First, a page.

presented the deal thrashed out last week to the rest of the world.
Instead it's turned into a big fat Greek nightmare. The Greek Prime
Minister's decision to hold a referendum on the rescue package is
set to dominate the discussions and now we learn Mr Papandreou will go
to the Greek President to offer his resignation. This morning he lost
his majority in parliament, which doesn't bode well for his
confidence vote tomorrow. Then there's the referendum itself,
thought to be held on December 4th. Last night the Greek leader had a
difficult meeting with President Sarkozy of France and Chancellor
Merkel of Germany, where they warned him Greece's future in the
eurozone was at stake. Mr Sarkozy said later:
The two leaders have said the next bail-out cheque will be withheld.
President Sarkozy was hoping the meeting would allow him to lobby
the Chinese President to contribute to the European financial stability
fund, designed to protect countries in the eurozone from collapsing.
But they too have indicated they need more clarity on the situation
in Greece. So, where does this leave David Cameron? Last night the
British Government said they're prepared to give more money to the
IMF, which could, in turn, could could towards helping struggling
eurozone countries, something that won't go down too well with his own
back backbenchers. I am joined by our correspondent Christian Fraser
at the G20 meeting in Cannes. We have had the spectacle of the Greek
Prime Minister being summoned by the leaders of France and Germany,
to explain himself. Now we hear he is off to see the President to
perhaps offer his resignation. It's chaos, isn't it? There must be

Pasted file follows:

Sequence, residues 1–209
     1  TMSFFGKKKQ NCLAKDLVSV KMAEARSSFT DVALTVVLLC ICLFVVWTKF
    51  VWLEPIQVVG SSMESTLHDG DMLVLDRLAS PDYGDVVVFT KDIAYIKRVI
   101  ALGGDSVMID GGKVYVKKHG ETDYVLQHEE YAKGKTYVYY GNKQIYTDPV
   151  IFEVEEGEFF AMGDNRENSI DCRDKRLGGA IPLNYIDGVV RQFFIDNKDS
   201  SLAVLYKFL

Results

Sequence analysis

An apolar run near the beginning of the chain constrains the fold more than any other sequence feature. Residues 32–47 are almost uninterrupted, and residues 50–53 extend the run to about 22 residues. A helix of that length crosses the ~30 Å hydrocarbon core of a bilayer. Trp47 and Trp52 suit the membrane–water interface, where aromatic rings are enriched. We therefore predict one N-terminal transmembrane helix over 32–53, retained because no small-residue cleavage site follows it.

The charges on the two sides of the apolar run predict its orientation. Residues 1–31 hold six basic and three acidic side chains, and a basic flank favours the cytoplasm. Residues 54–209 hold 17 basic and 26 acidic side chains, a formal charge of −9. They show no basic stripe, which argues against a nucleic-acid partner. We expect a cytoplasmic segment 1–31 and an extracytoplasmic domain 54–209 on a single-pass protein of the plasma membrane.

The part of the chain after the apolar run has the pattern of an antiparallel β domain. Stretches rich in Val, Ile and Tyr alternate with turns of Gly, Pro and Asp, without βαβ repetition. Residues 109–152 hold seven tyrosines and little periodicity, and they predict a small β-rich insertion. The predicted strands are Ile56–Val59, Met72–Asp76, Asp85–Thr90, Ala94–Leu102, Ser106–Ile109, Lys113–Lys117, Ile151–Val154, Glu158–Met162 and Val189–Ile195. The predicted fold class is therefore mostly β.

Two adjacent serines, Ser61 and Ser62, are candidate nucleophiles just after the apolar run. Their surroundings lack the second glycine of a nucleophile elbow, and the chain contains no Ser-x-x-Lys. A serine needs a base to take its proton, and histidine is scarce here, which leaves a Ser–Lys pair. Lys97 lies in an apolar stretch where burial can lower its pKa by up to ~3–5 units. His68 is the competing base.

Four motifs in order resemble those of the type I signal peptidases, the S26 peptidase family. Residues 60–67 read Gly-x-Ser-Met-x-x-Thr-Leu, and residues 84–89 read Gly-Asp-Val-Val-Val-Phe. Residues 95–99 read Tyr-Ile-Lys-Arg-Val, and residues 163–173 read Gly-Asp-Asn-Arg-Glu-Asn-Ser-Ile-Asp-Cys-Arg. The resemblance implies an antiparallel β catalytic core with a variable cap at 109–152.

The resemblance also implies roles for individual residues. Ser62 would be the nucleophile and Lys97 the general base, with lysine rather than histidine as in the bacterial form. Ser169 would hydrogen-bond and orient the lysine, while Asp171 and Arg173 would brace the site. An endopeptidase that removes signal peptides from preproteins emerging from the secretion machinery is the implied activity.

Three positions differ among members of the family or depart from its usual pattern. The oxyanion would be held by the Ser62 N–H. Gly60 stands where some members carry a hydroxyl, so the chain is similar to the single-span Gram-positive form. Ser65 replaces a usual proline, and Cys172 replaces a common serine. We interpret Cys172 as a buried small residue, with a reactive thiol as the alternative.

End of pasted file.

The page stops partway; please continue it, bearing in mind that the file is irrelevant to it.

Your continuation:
total bewilderment among the G20 leaders gathering here. They come
to talk about the global economy and how to resurge to - to create
resurgence in the economy and they're focusing on one of the
smaller members of the eurozone, Greece. What we are hearing from
Athens in the last few minutes is that the Prime Minister has in fact
offered - is going to offer his resignation to the Greek President.
There will be a Government of national unity that will be given
powers to negotiate with creditors and they will move, instead of a
vote of confidence and a referendum, towards elections in the short-term,
probably within around four weeks. Now, as Andrew was saying, that
does create all sorts of other problems because the opposition,
presumably would be included in this Government, has already
indicated that it wants to renegotiate the bail-out package
that is it - that's been offered to Greece and the German Chancellor
has already made it abunantly clear it's not up for renegotiation.
What's come out of the confirmss over the past 24 hours is something
new and that's that the spectre of Greece leaving the eurozone is very
much on the table. And that begs questions in turn, how do you do